Premier of Western Australia, Colin Barnett, has greeted the news that Woodside is not going ahead with the proposed onshore development of Browse LNG at James Price Point near Broome with great disappointment.
“While I acknowledge that this was a commercial decision by Woodside and its joint venture partners, I am bitterly disappointed,” Barnett said.
“I recognise Woodside has a responsibility to its shareholders, however my obligation is to the people of Western Australia, and this decision does not benefit them.”
The Premier said the decision not to proceed with the development as it is currently proposed would be a loss to WA.
“Developing this huge natural resource, which is owned by all Australians, offshore is not in the best interests of the nation or the people of WA,” he said.
Barnett said there was no doubt that this decision would deny Australians jobs.
It would also mean the loss of a $1.5billion benefits package negotiated by Kimberley Aboriginal groups.
“The Aboriginal people of the Kimberley will be denied a genuine opportunity for self-determination through real, long-term employment,” the Premier said.
Barnett said the State Government had done everything it could to support the proposal for a gas precinct.
“The Western Australian Government could not have done more to secure onshore processing of Browse Basin gas at James Price Point,” he said.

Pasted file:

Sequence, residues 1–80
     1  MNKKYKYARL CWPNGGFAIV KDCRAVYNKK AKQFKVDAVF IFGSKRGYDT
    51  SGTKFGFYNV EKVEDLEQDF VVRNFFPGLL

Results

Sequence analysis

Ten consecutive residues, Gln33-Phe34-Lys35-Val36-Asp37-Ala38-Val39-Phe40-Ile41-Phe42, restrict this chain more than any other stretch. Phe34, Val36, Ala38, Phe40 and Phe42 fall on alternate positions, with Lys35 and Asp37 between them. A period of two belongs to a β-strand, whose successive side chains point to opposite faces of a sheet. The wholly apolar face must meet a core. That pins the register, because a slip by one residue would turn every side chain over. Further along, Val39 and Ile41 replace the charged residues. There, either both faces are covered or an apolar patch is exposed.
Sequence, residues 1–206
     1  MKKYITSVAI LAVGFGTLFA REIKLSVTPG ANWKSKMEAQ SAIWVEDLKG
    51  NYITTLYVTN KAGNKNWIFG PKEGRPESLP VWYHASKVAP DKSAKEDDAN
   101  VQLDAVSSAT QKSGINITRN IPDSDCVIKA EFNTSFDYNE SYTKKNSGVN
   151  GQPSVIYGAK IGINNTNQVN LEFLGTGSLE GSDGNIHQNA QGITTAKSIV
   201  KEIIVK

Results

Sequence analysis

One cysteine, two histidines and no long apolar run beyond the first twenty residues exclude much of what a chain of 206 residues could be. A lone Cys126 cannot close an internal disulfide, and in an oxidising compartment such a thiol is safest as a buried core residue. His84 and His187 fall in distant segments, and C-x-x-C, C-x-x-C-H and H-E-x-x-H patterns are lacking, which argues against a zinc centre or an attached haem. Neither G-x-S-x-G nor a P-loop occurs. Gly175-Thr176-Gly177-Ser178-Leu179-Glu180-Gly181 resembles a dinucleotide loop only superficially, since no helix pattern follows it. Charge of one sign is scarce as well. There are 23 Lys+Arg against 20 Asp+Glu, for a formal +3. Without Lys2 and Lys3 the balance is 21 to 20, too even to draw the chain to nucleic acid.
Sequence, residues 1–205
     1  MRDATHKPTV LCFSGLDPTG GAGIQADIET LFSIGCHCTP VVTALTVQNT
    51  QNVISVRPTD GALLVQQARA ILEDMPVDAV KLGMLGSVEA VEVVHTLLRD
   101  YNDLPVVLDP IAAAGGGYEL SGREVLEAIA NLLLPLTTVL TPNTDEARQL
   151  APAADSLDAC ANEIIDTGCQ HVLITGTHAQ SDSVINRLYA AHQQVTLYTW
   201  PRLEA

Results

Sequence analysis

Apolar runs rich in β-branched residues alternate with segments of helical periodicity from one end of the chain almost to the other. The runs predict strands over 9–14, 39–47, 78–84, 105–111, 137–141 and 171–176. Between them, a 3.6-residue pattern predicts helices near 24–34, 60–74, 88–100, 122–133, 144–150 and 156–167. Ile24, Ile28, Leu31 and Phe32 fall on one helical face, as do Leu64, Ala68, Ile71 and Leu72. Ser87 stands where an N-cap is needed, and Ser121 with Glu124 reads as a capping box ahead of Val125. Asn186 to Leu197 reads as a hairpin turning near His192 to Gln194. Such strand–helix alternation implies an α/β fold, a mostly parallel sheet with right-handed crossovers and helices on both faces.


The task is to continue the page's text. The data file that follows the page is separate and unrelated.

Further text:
The Premier said work on land acquisition and environmental approvals were close to being concluded and should not be presented in any way as a reason why the project could not go ahead at James Price Point.
Barnett said he understood Woodside was looking at alternative ways of developing the gas resource, including – the as yet untested – Floating LNG (FLNG).
“While FLNG will deliver royalty income and there will be some jobs for WA in servicing the project, there is no doubt this is a missed opportunity to secure thousands of jobs in construction and in the operation of a gas precinct and to secure gas for our domestic economy,” he said.
“FLNG also raises a new set of safety issues.”
The Premier said he would do what he could to ensure the option of a smaller land-based processing plant was still a prospect.